He (1913 to 1996)and his wife Edith are credited with establishing a tradition in excellence in creative writing and the teaching of literary craft at Silliman University. He served as English Department chair, graduate school dean, vice-president for academic affairs, and writer-in-residence.
As a Guggenheim writing fellow in 1955 he submitted a collection of short stories, “A Stream at Dalton Pass and Other Stories,” for his Ph.D. in English at the University of Denver. This collection won a prize at the same time that his second novel, “More Than Conquerors” won the first prize for the novel.
He, along with his wife Edith, studied with Paul Engle in the Iowa Writers’ Workshop. Graduating in 1962, their experience there inspired them to found the Silliman National Writers Workshop, the first in Asia, which continues to this day.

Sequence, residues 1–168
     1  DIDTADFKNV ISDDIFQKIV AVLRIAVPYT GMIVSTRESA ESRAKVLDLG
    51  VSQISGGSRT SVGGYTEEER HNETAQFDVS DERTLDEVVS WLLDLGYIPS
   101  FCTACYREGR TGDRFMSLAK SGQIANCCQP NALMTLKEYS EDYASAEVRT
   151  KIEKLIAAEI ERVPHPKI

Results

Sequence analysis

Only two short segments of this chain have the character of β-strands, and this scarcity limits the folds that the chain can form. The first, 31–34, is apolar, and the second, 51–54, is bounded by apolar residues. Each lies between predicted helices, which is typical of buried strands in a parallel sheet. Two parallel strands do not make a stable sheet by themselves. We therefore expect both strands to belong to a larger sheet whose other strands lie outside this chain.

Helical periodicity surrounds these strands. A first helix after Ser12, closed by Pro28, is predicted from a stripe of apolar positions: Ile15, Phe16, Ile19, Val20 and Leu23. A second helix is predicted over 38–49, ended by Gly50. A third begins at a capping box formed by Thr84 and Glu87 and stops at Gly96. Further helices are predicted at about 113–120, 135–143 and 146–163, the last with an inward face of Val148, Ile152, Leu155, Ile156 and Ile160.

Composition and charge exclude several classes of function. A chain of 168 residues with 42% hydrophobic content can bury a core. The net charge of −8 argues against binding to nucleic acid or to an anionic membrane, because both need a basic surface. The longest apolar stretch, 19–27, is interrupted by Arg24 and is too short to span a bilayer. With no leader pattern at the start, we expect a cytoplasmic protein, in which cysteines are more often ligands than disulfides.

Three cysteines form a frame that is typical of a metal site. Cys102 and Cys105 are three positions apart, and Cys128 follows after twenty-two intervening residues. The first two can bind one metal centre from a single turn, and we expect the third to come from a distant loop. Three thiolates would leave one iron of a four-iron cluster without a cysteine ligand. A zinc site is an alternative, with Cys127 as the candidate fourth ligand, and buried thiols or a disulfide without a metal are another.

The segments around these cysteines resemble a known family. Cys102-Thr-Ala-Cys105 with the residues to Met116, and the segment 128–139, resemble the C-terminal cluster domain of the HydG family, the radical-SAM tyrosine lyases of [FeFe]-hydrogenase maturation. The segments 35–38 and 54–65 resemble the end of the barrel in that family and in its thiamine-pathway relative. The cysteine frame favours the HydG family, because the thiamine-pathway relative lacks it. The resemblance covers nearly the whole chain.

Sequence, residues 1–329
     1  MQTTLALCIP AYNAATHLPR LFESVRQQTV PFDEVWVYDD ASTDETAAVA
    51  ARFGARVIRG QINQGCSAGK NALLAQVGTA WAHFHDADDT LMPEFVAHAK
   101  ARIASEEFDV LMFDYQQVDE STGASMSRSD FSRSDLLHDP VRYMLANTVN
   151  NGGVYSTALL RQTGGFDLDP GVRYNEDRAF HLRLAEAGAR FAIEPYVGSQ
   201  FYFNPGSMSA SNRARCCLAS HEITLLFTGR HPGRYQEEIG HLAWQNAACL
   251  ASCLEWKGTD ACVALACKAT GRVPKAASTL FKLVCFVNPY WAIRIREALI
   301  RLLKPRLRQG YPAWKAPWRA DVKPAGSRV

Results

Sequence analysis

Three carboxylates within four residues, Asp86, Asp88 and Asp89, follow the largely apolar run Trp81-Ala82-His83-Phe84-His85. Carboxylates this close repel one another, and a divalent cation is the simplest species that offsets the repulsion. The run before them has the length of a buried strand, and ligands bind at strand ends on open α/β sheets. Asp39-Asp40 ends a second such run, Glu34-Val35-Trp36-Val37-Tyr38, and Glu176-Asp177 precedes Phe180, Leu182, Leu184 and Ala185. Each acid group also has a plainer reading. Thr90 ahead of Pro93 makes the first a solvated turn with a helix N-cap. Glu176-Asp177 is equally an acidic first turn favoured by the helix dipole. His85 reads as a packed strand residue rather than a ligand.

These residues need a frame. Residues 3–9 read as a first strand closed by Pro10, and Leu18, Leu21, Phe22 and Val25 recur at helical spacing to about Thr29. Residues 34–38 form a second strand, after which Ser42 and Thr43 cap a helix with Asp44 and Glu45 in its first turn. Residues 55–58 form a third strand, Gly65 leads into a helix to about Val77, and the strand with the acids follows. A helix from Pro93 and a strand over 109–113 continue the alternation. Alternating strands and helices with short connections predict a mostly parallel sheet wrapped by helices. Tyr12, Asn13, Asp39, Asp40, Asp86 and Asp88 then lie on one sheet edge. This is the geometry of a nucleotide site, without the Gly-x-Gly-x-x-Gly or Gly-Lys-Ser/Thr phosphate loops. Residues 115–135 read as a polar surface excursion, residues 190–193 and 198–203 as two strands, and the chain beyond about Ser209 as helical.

He was also a Rockefeller fellow. He won the Cultural Center of the Philippines (CCP) Prize, the Palanca Awards, the UP Golden Anniversary Literary Contest prize, and the National Book Award.
Of the 1800 plus posts on my blog, the most viewed posts are those I have done on older short stories by writers from the Philippines. These stories, aside from the very high intrinsic pleasure of reading them will soon be the only way non-scholars in Filipino history will have access to the traditions of the culture. If you read through my posts on Filipino literature and history, you will get, I think, an over view of the countries literary history. The stories are a great treasure trove for those into Asian post colonial studies and Filipino folk lore. Above all that, the stories I have posted on are all a lot of fun to read.